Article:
An employer may request the employee provide documentation from the school or child care provider to prove the employee took time off for the reasons described above on a particular date and time.
How does other employment policies apply?
Employees may use any accrued/unused vacation or PTO for scheduled time off related to enrollment or school and child care organized activities. Employers are not required to offer paid time off independently to accommodate absences under section 230.8.
In a recent case, (Hernandez v. Pacific Bell Telephone Company) the California Court of Appeal clarified a long-standing law that an employee’s voluntary use of a company vehicle during normal commute is not be considered as “hours worked” for purposes of compensation
The company has issued employees who performed home installations use company vehicles equipped with company tools that employees were required to use for installation jobs. Prior to 2009, these employees began and ended their work day in the company parking garage, where the employees picked up and returned their company vehicle on a daily basis. Employees were paid for the time spent travelling from the garage to their first job of the day and the time spent travelling back to the garage after their last job, but they were not paid for the time spent travelling between the garage and their residence.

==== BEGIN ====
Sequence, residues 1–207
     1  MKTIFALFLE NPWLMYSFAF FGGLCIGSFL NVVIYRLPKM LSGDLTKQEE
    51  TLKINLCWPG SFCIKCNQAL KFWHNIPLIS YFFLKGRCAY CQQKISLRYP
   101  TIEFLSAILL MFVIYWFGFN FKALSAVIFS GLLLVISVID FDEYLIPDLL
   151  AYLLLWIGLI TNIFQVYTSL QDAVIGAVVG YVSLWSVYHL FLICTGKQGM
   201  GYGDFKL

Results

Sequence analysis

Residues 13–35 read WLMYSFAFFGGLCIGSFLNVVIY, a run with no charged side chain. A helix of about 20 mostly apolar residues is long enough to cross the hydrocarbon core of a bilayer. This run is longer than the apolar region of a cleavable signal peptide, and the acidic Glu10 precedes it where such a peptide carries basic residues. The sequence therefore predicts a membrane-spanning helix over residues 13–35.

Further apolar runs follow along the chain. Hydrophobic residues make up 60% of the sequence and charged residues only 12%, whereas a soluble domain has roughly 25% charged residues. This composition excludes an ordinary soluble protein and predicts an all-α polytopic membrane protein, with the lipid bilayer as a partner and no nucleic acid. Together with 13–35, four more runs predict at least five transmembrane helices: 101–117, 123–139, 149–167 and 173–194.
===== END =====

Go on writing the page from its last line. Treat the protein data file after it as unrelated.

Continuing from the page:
In 2009, the company started a program where employees were able to voluntarily take the company vehicle home. This enabled employees who chose to participate in the program to drive from home to the first job of the day and, following the last job of the day, drive back to their residence – bypassing the company parking garage. Continue reading NEW CASE: Employee’s Voluntary Use Of Company Vehicle For Commuting Is Not Compensable